“[Edman Spangler] was the subject frequently of practical jokes by his companions behind the scenes, and in this connection an incident is mentioned that in the eyes of the superstitious might be deemed to have an ominous meaning. During the winter of 1864-65, when some new scenery was being prepared, the scene painters were in the habit of displaying the names of different employees of the establishment upon the backs of the various slips. Spangler remarked that his name had been neglected, when one of the painters, as a joke at his expense, hauled out a piece of scenery designed to figure in connection with a prison yard, and which bore a representation of a gallows. Upon this scene he dashes with a few broad strokes of his brush the name of Edward Spangler.” – Boston Herald, May 17th, 1865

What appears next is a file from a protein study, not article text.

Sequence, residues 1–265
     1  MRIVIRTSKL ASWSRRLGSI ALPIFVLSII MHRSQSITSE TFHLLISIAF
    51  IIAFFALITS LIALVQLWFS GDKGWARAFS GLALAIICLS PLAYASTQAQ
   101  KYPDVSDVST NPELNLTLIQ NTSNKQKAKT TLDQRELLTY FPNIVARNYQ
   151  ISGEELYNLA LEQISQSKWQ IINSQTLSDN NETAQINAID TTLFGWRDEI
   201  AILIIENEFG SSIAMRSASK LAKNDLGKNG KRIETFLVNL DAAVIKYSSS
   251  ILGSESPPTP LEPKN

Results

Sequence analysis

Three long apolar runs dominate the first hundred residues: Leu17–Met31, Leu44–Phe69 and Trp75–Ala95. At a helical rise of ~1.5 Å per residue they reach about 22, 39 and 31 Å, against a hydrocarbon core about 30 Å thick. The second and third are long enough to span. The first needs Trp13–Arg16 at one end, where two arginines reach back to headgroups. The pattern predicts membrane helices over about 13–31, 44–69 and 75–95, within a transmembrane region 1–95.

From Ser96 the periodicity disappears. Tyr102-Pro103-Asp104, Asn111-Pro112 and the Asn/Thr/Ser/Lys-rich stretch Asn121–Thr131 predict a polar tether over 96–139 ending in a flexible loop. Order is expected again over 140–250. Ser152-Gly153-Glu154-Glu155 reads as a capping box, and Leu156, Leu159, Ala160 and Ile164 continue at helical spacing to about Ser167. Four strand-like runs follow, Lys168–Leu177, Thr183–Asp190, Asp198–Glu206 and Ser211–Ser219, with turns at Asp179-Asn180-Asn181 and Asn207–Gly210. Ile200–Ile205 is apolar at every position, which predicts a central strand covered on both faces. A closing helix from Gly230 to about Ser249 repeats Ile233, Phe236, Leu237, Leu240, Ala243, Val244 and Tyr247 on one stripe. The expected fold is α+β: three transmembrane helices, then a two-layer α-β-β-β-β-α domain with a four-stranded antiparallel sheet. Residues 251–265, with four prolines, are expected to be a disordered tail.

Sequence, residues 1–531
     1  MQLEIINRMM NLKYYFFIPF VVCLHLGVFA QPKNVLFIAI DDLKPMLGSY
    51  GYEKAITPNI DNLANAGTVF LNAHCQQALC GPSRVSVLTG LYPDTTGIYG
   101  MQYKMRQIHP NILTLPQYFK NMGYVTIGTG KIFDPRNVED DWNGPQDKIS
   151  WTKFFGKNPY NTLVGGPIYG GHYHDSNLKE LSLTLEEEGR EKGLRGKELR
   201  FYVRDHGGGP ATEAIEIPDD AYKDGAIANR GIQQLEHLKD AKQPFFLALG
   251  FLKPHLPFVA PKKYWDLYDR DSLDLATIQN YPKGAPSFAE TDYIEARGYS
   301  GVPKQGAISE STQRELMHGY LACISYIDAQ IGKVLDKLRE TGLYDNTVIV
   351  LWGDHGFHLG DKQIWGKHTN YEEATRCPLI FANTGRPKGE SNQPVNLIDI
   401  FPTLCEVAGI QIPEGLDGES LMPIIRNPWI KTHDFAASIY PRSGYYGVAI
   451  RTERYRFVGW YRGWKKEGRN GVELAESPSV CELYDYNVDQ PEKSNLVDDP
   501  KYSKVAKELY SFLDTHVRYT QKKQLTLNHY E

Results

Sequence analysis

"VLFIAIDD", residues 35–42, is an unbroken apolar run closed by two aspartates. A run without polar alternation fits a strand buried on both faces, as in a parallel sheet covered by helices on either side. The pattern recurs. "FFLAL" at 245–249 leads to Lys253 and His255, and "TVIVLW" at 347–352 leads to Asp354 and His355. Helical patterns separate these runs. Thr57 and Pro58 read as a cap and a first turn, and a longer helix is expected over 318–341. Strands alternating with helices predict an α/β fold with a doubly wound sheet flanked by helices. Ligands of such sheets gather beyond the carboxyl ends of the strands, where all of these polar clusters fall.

Luckily for Edman Spangler, the bleak future foretold by a Ford’s Theatre scene painter did not come to fruition. Rather than the gallows, Spangler received 6 years imprisonment, the lightest sentence of all the conspirators tried by the military commission. He would serve a little over 3 1/2 years at Fort Jefferson, Dry Tortugas before being pardoned by President Andrew Johnson in February of 1869.